Unfortunately, Hill’s son, Damon, got the same ‘not a natural’ tag — this being the 1996 world champion who could have easily joined his father as a double title-holder had it not been for that cynical punt at Adelaide in 1994 by the man who went on to take that season’s crown. Damon didn’t inherit the impromptu entertainer ability, but I much enjoyed his pithy pre-race and post-race comments — in fact, these days I increasingly find myself watching more of that and the qualifying than the actual Grand Prix.
Damon has admitted that he probably would never have gone motor racing had his father not been killed — it’s a fascinating insight, and it made me wonder if the same might be true of drivers such as Jacques Villeneuve.
In addition to ‘the guv’nor’, four other members of Hill’s F1 team were on board the Piper Aztec on that fateful flight in November 1975, including his highly promising young English driver, Tony Brise — one of three British drivers featured in David Tremayne’s book the others being Roger Williamson and Tom Pryce. It is a wonderful book, and, if you can track down a copy, I thoroughly recommend it.
RIP, Guy Ligier
This tough Frenchman passed away recently aged 85. Although better known for the F1 cars bearing his name, Ligier was also a driver — albeit of modest ability — during the ’60s. In 1966, F1 returned to power with the introduction of three-litre engines. Ligier bought a Cooper-maserati. In 1967, he replaced it with a year-old
Repco-brabham, which he painted pale blue, as he’d done with the Cooper. After fading out as a driver shortly afterwards, Ligier re-emerged as an entrant at Le Mans and then returned to F1 as a constructor in 1976.
Initially, the F1 Ligiers had Matra V12s in the back, but their glory years were 1979 and 1980, when, with a good ground-effect system and Cosworths, they were regularly contenders, with Jacques Laffite, Patrick Depailler, and Didier Pironi at the wheel. The Matras returned in 1981, and Laffite went to the final round with a shot at emerging world champion.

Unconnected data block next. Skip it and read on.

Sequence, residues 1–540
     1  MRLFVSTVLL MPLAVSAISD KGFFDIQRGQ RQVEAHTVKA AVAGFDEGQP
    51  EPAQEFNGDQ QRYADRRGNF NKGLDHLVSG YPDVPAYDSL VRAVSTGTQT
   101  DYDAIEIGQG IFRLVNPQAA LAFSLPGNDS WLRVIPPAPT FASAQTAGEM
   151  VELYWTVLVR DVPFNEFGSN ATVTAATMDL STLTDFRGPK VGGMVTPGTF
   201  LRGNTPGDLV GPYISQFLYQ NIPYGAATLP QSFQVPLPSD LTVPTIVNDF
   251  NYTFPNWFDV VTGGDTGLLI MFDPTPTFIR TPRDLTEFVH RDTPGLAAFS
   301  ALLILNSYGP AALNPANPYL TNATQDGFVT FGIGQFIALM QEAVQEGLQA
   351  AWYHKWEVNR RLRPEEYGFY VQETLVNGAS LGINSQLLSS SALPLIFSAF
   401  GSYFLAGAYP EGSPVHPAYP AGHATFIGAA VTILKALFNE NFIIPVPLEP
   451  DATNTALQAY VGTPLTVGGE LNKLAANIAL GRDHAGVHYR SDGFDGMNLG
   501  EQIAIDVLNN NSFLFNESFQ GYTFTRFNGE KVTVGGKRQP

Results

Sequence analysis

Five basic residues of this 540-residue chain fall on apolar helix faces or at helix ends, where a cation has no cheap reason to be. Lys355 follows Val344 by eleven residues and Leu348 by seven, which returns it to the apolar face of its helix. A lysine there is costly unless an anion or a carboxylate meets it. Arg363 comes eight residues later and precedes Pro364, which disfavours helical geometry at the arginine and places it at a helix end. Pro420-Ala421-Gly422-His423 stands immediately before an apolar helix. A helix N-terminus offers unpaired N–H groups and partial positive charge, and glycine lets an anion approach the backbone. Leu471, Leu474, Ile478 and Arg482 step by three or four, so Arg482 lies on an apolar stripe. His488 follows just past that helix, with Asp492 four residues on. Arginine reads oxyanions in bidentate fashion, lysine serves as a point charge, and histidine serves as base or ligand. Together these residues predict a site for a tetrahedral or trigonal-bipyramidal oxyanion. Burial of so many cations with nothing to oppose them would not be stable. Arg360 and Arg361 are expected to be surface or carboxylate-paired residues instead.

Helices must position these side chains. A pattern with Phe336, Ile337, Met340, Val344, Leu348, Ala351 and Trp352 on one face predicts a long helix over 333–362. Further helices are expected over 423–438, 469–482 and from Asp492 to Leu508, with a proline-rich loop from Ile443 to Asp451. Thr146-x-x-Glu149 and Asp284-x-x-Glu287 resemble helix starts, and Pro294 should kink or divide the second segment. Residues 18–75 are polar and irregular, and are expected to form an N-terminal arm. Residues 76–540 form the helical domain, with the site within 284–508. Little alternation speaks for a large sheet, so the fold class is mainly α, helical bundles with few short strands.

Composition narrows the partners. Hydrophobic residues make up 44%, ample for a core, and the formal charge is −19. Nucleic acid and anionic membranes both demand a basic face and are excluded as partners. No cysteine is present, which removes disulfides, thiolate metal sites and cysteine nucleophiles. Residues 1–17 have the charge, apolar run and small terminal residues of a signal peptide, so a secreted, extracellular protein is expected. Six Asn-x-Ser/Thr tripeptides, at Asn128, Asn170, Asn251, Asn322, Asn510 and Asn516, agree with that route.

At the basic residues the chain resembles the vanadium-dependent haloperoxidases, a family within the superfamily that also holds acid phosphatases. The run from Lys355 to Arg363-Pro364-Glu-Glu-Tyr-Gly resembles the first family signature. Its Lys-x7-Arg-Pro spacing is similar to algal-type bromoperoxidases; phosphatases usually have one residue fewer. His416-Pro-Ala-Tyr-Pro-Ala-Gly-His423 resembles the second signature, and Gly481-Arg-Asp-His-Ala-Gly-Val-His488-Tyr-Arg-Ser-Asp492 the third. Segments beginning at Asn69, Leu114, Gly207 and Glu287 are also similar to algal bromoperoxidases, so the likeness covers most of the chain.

Team fortunes waxed and waned during the rest of that decade, and, eventually, the founder sold out. He’d had an extraordinary life, in which he’d been orphaned, played for France B in rugby, made two or three fortunes — and raced in F1!
Chris Amon told me how he and Guy Ligier met: “I was in a Formula 2 race at Albi, and I came up to lap this guy who just wouldn’t let me past. I’m shaking my fist at him and eventually I get by. After the race, Jo Schlesser wanders over — I’d got to know him a bit — and says, ‘I’d like to introduce you to the man you were shaking your fist at’. I look up at this monster — he was a rugby prop — and think, ‘This might not end well’. But, in no time, Guy is patting me on the back and we remained on good terms.”
In fact, in mid 1979, when Depailler had crashed his hang-glider and thereby put himself out of racing for the rest of the year, a call was placed from France to a farmhouse just out of Bulls. It was, however, nearly three years since Chris had last raced in F1, and he passed up on the opportunity.